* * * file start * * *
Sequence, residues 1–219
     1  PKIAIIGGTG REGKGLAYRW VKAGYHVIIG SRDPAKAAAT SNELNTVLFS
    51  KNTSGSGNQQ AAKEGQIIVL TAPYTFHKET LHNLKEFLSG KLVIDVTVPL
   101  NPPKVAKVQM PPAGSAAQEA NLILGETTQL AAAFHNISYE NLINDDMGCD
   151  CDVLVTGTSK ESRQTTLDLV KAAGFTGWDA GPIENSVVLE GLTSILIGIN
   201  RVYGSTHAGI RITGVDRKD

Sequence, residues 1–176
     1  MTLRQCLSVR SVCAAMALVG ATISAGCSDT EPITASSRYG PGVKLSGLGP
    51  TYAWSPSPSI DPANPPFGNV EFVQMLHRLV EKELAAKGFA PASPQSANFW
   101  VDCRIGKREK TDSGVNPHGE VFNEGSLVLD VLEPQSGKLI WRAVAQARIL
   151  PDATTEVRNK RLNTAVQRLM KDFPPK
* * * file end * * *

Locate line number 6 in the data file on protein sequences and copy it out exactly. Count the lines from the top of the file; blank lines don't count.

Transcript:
   201  RVYGSTHAGI RITGVDRKD